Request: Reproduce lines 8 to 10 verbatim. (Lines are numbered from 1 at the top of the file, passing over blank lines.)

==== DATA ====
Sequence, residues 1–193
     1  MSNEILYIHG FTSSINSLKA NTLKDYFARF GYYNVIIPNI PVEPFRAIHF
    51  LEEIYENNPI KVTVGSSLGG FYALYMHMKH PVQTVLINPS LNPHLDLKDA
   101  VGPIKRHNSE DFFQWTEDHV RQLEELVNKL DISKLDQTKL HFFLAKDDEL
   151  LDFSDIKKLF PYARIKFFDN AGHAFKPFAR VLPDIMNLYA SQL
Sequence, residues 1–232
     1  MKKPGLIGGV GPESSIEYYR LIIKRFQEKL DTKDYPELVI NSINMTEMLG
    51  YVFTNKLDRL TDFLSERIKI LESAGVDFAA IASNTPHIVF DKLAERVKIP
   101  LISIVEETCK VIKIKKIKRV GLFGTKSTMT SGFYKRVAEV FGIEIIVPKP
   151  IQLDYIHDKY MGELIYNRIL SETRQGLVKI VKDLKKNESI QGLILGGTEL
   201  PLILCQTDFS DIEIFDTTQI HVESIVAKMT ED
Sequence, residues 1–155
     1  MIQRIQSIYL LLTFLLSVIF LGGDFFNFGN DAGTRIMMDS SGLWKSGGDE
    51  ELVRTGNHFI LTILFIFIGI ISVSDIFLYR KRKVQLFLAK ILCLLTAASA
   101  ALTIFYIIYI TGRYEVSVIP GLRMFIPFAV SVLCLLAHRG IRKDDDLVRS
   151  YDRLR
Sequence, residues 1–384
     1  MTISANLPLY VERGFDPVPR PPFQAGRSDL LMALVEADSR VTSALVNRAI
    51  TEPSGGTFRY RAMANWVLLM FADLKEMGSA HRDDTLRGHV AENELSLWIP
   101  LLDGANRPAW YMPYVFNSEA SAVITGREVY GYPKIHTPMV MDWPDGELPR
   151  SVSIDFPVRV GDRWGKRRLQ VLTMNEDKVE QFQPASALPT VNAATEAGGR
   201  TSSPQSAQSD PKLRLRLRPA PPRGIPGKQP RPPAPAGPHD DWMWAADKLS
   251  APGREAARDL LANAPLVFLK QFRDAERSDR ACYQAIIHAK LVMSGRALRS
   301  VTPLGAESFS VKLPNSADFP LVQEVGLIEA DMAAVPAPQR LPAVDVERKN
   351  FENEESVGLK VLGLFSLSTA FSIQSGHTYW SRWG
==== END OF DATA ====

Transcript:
    51  YVFTNKLDRL TDFLSERIKI LESAGVDFAA IASNTPHIVF DKLAERVKIP
   101  LISIVEETCK VIKIKKIKRV GLFGTKSTMT SGFYKRVAEV FGIEIIVPKP
   151  IQLDYIHDKY MGELIYNRIL SETRQGLVKI VKDLKKNESI QGLILGGTEL